What I meant was say you are at the point where the only thing that is going to fix it is booting with the DVD and doing a repair. Should you first go in and remove the Dot Net from Programs and Features before booting with the DVD and doing the repair to get rid of it and start clean or doesn't the repair process care.
Gotcha. In this case, no, we wouldnt care. We'll rebuild the component store as part of the reinstallation so removing it would have no effect.
What about the registry and permissions ? Does the DVD rebuild fix them also ? As far as I have learned it does not. So if not wouldn't the best course of action be :
1) Remove from Programs and Features
2) Boot with the DVD and run repair
3) Reboot without the DVD and readd in Programs and Features
I would think that this procedure would save possible further debugging time later on.
We will fix some issues in the registry, but not all of them. Most of the time, .Net issues that I have seen tend to be binary related and not registry. That's not to say they dont occur though. Removing the files prior to the reinstall wouldnt really change the registry values you're looking to change, so that wouldnt be any better than just reinstalling the OS.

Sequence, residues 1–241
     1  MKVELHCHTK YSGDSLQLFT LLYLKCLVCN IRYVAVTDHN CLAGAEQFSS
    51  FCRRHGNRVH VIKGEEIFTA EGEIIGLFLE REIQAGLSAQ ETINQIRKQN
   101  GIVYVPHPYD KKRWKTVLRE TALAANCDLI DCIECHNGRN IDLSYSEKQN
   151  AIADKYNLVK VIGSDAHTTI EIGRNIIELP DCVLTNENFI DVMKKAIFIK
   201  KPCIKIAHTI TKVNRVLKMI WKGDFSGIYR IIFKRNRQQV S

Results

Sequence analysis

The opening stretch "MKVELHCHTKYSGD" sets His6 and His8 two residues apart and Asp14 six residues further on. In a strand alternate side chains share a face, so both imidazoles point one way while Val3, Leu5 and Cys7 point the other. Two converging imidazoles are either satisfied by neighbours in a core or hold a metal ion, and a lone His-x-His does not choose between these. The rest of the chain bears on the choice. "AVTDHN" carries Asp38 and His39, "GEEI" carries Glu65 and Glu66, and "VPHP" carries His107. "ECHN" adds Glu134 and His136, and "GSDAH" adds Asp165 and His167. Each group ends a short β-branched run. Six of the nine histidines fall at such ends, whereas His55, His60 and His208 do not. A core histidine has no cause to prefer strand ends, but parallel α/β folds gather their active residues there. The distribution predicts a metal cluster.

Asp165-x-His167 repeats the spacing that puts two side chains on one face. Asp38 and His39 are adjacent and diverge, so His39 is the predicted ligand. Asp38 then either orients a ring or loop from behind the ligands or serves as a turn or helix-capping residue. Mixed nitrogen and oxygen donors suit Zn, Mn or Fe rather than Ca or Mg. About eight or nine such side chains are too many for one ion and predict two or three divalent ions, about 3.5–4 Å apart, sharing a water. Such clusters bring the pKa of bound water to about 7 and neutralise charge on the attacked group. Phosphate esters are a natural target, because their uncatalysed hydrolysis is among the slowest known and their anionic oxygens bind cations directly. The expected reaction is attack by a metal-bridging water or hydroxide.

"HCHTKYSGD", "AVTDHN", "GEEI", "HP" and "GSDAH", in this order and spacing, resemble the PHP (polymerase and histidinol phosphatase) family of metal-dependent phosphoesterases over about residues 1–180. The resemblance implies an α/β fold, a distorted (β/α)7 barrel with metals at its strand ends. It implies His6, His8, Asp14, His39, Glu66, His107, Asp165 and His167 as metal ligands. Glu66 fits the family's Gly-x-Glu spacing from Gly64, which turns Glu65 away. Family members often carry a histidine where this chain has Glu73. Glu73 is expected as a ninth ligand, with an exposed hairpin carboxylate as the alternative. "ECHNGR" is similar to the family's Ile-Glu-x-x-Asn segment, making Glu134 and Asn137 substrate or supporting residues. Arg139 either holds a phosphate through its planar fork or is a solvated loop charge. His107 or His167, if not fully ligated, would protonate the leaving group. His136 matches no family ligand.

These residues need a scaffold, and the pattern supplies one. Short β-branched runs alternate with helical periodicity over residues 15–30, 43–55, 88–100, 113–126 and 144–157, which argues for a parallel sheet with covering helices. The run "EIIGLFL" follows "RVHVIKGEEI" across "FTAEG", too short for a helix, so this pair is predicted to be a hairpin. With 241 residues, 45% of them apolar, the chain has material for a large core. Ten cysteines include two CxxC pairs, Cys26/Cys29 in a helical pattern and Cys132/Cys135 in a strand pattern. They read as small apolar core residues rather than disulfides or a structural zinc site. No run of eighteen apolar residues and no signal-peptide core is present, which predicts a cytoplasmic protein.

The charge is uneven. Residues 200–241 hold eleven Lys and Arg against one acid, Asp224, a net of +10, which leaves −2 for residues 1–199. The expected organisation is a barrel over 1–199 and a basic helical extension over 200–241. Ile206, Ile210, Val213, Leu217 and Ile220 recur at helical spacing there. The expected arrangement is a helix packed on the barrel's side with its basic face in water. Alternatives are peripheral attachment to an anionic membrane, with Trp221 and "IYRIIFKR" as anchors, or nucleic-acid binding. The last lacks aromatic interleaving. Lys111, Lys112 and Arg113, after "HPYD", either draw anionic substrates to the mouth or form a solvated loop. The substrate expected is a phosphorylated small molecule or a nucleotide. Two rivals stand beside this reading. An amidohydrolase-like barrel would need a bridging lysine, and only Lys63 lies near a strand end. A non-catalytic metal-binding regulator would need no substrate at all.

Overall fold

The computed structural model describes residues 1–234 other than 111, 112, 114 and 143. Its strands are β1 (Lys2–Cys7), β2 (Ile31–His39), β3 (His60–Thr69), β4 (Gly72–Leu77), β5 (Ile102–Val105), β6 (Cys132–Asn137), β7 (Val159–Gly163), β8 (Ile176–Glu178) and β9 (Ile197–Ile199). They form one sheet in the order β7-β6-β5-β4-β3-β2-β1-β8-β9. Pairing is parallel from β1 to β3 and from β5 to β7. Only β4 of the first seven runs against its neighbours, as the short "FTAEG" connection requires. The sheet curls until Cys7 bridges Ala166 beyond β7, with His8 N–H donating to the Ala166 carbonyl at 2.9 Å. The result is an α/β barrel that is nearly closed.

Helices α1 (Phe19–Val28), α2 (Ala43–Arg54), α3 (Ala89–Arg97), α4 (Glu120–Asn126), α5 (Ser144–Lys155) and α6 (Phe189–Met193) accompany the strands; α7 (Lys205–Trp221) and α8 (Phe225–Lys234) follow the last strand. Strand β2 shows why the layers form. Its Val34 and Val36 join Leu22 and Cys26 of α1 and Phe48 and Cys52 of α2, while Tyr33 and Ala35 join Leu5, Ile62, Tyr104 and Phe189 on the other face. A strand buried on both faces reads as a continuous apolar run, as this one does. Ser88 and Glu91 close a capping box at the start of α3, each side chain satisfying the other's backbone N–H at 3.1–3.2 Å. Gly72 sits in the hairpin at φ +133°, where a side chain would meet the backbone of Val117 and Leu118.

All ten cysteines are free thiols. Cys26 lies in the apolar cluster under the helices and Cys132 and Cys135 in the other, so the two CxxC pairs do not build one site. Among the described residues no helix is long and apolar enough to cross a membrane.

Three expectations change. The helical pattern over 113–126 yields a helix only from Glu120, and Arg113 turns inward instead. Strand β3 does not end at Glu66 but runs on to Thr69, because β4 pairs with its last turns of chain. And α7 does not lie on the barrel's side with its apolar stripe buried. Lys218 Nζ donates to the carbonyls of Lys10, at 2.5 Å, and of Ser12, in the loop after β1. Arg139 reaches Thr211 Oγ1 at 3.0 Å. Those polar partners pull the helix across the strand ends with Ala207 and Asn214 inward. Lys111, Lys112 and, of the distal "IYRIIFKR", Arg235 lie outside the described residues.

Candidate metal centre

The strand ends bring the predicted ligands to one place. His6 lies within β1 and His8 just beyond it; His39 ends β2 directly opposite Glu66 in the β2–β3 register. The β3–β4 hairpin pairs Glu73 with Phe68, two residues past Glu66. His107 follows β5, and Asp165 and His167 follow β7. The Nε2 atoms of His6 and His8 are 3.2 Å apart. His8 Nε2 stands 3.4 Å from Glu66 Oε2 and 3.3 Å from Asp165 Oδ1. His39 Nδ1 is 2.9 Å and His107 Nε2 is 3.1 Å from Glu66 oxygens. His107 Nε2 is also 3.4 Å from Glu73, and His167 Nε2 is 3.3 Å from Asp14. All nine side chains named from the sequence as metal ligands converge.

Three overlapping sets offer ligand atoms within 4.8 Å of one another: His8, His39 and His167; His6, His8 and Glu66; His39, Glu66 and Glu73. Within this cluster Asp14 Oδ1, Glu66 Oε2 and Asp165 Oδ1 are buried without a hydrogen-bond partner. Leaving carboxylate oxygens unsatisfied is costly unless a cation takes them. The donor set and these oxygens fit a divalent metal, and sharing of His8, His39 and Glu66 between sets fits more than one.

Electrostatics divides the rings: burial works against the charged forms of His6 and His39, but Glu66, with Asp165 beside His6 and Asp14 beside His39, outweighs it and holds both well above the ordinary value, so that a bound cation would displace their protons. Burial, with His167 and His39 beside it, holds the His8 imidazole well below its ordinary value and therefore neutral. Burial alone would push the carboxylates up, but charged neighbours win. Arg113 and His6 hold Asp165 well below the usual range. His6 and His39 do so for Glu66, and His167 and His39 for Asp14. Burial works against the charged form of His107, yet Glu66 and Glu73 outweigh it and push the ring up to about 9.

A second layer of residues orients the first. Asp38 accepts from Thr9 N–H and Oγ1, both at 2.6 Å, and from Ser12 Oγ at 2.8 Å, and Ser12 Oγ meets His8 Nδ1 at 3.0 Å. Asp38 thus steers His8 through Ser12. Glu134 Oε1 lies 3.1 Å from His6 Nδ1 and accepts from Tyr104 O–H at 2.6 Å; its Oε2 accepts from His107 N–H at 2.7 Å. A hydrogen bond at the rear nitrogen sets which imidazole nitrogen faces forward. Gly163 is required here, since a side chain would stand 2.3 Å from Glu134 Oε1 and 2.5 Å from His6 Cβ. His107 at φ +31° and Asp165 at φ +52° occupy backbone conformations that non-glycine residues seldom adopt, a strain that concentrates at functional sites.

"As for SFC, it will not ask for any kind of media because thats what the component store is there for."
Hypothetically, if the media were mounted, and WRP could talk to the servicing stack, then a file could be retrieved from the 'media', if the component store copy was corrupt, just as XP can seach <CD>\i386 if the DLLCache is missing files. Just a thought.
Dean said: "What about the registry and permissions ? Does the DVD rebuild fix them also ?"
joscon said: "We will fix some issues in the registry, but not all of them."
This is interesting, especially when considering the advice of the following Microsoft support article:
"The use of “secedit /configure” to import the default security template, dfltbase.inf, is unsupported nor is it a viable method to restore default security permissions on Windows Vista, Windows 7, Windows Server 2008 and Windows Server 2008 R2 computers."